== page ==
The band recorded in The Eagle Room in Weaverville, of Matt “The Wizard” Williams. Moore said Williams did a “brilliant” job as he “mixed, mastered, and engineered our album, and helped us develop our signature sound in the process.”

Williams’ own video in the contest was of his whimsical “If It’s a Hit.”

Williams is lead singer and a guitarist in a concert May 2 to benefit Asheville Music School. AMS instructors, five students, and others will play The Beatles’ Revolver album in the Sound Effects Benefit Concert. AMS plays a different Beatles album each year.

The benefit is in Isis Music Hall, at 6-9:30 p.m. Tickets are $15 in advance, $18 at the door. The show is expected to sell out. Info is at ashevillemusicschool.org, and isisasheville.com.
Simone Weirich will sing. Other AMS students in the show are violinists Ruby Carlson and Jayhawk Reese-Julien, saxophonist Julia Steininger, and Toby Schuetze on trumpet.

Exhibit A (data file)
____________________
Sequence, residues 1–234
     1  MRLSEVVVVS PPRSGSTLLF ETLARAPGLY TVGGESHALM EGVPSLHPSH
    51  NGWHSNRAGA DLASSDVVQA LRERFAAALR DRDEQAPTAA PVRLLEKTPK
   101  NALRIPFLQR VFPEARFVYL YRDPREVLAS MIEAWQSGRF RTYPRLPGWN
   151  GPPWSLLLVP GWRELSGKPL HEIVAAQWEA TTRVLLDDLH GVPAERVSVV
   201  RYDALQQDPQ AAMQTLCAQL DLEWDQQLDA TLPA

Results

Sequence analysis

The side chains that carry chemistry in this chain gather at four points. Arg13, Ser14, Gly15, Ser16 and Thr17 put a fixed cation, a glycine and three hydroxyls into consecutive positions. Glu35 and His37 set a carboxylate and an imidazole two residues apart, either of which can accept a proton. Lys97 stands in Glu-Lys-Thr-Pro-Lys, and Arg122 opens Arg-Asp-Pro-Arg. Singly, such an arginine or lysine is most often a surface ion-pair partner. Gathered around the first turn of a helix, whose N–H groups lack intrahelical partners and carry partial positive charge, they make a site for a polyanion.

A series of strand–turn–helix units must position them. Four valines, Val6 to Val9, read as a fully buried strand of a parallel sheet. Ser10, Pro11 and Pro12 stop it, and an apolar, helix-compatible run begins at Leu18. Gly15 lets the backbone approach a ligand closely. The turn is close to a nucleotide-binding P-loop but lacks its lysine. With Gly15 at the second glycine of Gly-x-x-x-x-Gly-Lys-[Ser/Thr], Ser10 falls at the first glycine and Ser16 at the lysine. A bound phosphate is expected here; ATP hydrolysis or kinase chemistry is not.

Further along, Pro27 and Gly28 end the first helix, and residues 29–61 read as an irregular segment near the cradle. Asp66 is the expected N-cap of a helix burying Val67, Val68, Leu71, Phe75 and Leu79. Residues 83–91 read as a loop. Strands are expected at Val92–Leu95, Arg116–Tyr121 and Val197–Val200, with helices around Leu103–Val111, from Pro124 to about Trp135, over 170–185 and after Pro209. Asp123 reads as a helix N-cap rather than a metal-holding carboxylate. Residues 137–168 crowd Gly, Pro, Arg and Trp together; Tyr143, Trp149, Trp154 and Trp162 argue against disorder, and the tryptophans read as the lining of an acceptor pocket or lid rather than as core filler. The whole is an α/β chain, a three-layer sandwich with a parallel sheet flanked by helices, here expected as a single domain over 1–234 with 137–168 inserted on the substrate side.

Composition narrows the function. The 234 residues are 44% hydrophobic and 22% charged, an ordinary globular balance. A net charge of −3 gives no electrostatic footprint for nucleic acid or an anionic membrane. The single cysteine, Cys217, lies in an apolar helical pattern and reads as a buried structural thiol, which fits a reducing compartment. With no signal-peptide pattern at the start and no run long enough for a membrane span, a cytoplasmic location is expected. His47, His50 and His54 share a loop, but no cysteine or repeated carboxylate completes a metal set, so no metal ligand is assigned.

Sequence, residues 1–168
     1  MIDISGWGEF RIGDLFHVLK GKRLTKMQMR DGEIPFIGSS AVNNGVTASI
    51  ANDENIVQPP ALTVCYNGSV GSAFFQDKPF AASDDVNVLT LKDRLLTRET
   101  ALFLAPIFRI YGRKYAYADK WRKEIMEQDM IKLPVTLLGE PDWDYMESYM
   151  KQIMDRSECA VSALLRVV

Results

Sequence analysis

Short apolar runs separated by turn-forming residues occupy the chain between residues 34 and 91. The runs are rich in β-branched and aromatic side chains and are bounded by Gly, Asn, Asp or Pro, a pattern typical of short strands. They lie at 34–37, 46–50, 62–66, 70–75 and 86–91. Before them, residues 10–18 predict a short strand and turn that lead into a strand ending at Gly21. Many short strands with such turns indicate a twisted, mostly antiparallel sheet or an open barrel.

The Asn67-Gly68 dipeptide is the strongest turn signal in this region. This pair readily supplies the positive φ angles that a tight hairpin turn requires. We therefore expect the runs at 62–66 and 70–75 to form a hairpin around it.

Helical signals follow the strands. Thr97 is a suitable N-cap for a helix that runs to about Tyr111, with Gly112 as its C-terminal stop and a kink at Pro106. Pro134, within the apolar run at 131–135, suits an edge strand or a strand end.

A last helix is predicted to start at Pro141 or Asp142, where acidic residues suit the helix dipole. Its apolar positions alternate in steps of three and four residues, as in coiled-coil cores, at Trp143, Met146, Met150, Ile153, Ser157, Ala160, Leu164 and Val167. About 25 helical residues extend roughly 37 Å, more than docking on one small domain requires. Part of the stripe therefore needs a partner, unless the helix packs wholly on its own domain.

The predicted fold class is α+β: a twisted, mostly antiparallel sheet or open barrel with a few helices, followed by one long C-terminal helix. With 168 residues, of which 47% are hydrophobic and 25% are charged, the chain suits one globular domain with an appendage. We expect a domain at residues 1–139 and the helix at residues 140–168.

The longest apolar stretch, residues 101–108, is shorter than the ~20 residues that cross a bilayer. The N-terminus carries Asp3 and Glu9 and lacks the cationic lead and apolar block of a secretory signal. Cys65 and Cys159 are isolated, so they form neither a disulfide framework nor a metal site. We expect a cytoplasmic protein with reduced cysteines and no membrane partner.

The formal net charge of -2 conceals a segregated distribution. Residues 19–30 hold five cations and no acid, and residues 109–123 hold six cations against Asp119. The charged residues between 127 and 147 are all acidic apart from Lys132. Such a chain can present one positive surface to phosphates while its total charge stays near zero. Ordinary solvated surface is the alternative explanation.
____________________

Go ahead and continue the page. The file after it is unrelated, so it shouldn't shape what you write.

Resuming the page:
Williams told The Tribune his favorite songs off of Revolver to sing are up-tempo “Got to Get You Into My Life,” uplifting “And Your Bird Can Sing,” gritty “Taxman,” fast “Paperback Writer,” and tender ballads “For No One” and “Here, There and Everywhere.”

AMS Exec. Dir. Ryan Reardon said the playlist is from the original British album, not the U.S. version that held back some hits. The school had a table at the video gala as featured nonprofit organization, and received a portion of the event’s proceeds.